Oracle Cloud Infrastructure Documentation

Advanced Policy Features

This section describes policy language features that let you grant more granular access.

Conditions

As part of a policy statement, you can specify one or more conditions that must be met in order for access to be granted. For a simple example, see Let group admins manage group membership.

Each condition consists of one or more predefined variables that you specify values for in the policy statement. Later, when someone requests access to the resource in question, if the condition in the policy is met, it evaluates to true and the request is allowed. If the condition is not met, it evaluates to false and the request is not allowed.

There are two types of variables: those that are relevant to the request itself, and those relevant to the resource(s) being acted upon in the request, also known as the target. The name of the variable is prefixed accordingly with either request or target followed by a period. For example, there's a request variable called request.operation to represent the API operation being requested. This variable lets you write a broad policy statement, but add a condition based on the specific API operation. For an example, see Let users write objects to Object Storage buckets.

Variables that Aren't Applicable to a Request Result in a Declined Request

If the variable is not applicable to the incoming request, the condition evaluates to false and the request is declined. For example, here are the basic policy statements that together let someone add or remove users from any group except Administrators:

Allow group GroupAdmins to use users in tenancy 
where target.group.name != 'Administrators'

Allow group GroupAdmins to use groups in tenancy
where target.group.name != 'Administrators'

Given the above policy, if GroupAdmins tried to call a general API operation for users such as ListUsers or UpdateUser (which lets you change the user's description), the request would be declined, even though those API operations are covered by use users.This is because the above policy statement for use users also includes the target.group.name variable, but the ListUsers or UpdateUser request doesn't involve specifying a group. There is no target.group.name for those requests, so the request is declined.

If you want to also grant access to general user API operations that don't involve a particular group, you would need an additional statement that gives the level of access you want to grant, but without the condition. For example, if you want to grant access to ListUsers, you need this additional statement:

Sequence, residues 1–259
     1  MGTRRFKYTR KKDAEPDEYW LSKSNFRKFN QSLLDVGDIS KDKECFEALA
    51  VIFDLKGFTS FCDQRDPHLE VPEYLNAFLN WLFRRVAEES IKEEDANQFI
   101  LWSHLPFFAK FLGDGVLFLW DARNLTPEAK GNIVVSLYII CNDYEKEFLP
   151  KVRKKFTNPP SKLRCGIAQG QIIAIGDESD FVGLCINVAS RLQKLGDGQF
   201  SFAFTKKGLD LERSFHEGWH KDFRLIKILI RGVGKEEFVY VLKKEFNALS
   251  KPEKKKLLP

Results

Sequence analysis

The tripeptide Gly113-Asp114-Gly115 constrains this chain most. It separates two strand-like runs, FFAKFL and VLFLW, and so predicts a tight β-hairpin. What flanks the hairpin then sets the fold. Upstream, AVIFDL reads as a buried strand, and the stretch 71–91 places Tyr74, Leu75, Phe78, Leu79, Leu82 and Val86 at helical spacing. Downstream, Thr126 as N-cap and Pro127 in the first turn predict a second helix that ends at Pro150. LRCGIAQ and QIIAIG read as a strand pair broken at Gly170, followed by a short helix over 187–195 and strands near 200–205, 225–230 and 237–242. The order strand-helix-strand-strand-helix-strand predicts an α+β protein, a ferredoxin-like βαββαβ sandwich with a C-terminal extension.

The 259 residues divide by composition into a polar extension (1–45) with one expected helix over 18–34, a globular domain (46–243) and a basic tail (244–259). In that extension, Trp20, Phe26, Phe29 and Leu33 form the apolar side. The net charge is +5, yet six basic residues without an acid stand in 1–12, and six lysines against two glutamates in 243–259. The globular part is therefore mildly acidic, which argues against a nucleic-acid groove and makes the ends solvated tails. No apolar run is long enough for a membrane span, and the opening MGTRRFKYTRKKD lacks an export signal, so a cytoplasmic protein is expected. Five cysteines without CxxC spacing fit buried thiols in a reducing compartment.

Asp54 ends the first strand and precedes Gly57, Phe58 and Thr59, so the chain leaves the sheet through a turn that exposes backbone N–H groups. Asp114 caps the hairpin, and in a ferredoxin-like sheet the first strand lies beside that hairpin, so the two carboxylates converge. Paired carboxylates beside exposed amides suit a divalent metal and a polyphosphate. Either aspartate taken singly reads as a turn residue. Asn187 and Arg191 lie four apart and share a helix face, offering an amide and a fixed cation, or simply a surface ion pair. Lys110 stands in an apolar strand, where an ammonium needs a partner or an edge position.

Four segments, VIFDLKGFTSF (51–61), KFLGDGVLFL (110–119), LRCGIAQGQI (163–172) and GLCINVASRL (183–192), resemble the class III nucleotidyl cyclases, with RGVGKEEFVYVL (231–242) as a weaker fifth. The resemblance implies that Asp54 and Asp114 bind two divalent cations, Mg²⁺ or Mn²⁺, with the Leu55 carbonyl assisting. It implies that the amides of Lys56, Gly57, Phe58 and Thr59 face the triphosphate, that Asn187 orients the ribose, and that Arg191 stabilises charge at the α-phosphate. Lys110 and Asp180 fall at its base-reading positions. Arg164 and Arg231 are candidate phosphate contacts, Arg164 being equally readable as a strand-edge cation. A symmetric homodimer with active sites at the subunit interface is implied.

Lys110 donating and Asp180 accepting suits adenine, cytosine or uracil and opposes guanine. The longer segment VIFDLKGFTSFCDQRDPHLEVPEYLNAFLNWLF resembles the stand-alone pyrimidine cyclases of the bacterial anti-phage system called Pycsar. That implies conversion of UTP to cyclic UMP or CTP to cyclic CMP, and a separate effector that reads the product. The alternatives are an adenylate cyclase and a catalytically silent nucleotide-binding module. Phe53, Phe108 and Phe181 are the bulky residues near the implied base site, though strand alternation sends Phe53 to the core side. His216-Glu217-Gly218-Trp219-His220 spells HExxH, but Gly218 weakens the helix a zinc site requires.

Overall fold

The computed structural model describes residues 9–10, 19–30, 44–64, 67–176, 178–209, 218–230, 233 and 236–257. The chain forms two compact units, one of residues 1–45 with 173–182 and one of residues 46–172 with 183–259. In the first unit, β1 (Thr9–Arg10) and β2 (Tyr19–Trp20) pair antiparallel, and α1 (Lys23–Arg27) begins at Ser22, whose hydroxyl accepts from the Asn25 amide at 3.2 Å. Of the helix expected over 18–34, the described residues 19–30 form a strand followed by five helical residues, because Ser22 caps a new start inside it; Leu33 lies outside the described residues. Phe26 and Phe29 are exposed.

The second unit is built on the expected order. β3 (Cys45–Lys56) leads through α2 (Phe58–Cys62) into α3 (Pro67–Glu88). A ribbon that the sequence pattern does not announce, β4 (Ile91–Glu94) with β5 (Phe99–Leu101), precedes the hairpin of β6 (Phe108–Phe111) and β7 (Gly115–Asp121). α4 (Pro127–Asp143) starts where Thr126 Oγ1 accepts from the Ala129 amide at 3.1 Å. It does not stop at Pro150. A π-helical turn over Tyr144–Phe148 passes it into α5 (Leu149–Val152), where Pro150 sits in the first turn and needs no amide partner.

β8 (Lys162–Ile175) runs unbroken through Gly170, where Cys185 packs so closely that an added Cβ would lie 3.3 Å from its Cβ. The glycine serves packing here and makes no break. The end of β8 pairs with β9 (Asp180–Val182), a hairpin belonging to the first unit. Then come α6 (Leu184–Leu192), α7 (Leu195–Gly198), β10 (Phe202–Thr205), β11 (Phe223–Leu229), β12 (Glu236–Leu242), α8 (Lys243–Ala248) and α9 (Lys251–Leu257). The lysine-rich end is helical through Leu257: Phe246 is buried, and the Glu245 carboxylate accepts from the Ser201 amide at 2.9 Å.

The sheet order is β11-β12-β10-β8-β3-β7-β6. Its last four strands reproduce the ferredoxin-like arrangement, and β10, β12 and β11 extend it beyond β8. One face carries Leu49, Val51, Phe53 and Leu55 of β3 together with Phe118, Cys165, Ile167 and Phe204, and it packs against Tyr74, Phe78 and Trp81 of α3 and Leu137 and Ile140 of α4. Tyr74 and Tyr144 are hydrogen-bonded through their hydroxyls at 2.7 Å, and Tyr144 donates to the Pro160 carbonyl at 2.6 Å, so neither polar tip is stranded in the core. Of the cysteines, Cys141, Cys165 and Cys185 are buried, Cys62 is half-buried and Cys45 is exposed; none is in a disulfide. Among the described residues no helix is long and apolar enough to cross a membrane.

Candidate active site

Allow group GroupAdmins to inspect users in tenancy

Or if you want to grant access to UpdateUser, you need this additional statement (which also covers ListUsers because the use verb includes the capabilities of the inspect verb):

Allow group GroupAdmins to use users in tenancy

This general concept also applies to groups (e.g., ListGroups and UpdateGroup), and any other resource type with target variables.

For more information about the syntax of conditions, see Conditions. For a list of all the variables you can use in policies, see the tables in the Policy Reference.

Permissions

Permissions are the atomic units of authorization that control a user's ability to perform operations on resources. Oracle defines all the permissions in the policy language. When you write a policy giving a group access to a particular verb and resource-type, you're actually giving that group access to one or more predefined permissions. The purposes of verbs is to simplify the process of granting multiple related permissions that cover a broad set of access or a particular operational scenario. The next sections give more details and examples.

Relation to Verbs

To understand the relationship between permissions and verbs, let's look at an example. A policy statement that allows a group to inspect volumes actually gives the group access to a permission called VOLUME_INSPECT (permissions are always written with all capital letters and underscores). In general, that permission enables the user to get information about block volumes.

As you go from inspect > read > use > manage, the level of access generally increases, and the permissions granted are cumulative. The following table shows the permissions included with each verb for the volumes resource-type. Notice that no additional permissions are granted going from inspect to read.

Inspect Volumes Read Volumes Use Volumes Manage Volumes
VOLUME_INSPECT VOLUME_INSPECT

VOLUME_INSPECT

VOLUME_UPDATE

VOLUME_WRITE

VOLUME_INSPECT

VOLUME_UPDATE

VOLUME_WRITE

VOLUME_CREATE

VOLUME_DELETE